The only way to make sure you get paid is to get paid up front.
This is where I’m going to get personal and share some stories with you, and I learned from experience. When I first started and was taking clients off Elance, off the job boards, these are going to be monthly clients. Actually, I would do it for monthly single project. I was using contacts in 2009 and, you know, basically agreeing to what the project is, how they’re going to pay, how they cancel, our start date and our end date. If it was a one-time project, those are things that were included.
It was fine, but something stuck out to me really big and that’s the one client I had. After I started in 2009, the years go on, and let’s say 2011. I realized the client that stayed with me the longest, this is when I had the light bulb moment, 2011, evaluating that, is the client that stayed with me the longest, we never had a contract. We had been working together for so long. We had build that trust and that relationship and we did not have a contract.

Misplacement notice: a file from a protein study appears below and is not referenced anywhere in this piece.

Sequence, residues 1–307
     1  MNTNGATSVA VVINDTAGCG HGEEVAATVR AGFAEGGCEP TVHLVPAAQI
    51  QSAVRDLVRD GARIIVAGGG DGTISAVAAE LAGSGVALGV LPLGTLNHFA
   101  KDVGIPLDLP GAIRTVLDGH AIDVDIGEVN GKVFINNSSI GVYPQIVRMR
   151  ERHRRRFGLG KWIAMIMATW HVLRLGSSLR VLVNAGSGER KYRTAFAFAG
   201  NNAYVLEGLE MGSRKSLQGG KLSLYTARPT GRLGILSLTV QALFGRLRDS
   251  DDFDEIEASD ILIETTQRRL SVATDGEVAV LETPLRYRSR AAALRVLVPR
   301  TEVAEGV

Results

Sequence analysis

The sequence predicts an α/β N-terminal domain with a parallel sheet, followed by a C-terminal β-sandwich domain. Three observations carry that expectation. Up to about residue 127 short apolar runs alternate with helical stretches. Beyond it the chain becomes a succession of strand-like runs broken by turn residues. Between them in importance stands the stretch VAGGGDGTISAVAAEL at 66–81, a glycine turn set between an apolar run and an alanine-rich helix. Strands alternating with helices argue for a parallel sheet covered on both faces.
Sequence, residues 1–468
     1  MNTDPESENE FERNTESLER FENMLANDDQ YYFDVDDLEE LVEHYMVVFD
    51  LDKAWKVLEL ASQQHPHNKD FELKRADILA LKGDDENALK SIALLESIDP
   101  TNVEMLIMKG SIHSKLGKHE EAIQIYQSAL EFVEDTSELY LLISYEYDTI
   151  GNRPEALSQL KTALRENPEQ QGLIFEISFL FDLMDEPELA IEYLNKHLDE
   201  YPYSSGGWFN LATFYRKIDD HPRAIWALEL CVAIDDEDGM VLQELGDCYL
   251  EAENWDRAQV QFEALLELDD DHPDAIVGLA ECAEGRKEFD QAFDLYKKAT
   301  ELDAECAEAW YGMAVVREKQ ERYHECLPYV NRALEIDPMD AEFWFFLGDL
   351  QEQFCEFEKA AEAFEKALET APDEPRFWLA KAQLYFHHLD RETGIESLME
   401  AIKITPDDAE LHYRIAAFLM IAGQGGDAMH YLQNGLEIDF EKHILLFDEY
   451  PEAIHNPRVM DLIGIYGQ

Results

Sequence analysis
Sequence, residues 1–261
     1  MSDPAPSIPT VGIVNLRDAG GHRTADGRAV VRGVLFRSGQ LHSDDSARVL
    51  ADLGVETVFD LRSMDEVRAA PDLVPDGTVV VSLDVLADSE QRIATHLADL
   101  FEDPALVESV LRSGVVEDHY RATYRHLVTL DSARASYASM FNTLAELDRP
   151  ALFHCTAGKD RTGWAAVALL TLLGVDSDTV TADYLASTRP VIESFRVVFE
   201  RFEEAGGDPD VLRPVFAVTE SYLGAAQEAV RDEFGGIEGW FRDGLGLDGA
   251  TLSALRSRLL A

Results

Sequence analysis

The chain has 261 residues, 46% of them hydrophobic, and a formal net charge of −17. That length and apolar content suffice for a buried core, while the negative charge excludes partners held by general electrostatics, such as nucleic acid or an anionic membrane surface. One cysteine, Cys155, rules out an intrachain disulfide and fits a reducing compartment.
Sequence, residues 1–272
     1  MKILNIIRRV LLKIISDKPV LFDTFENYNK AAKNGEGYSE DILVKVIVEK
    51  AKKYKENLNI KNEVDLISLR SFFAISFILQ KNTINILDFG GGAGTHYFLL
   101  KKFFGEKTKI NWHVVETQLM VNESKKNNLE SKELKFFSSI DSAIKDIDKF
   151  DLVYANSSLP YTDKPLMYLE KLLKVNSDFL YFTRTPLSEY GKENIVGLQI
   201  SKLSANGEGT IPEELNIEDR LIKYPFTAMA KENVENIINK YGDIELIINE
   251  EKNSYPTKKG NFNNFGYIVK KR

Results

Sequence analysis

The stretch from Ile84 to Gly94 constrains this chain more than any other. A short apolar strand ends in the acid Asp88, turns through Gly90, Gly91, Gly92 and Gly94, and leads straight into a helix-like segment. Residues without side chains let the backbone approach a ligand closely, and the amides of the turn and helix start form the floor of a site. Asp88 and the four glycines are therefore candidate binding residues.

In fact, the only reason why we stopped working together was my choice. They were moving to a system that I tried, but I wasn’t comfortable with, and their management team changed. I wasn’t comfortable with that. Anyway, I dissolved that relationship and gave a 30-day notice to give them plenty of time to find a replacement.
Just like the flip side of that, we want our clients to give us a 30-day notice if they are no longer going to use our service. It’s just a courtesy.
All this information that you would include in a contract, put it in your project agreement that you’re sending through email.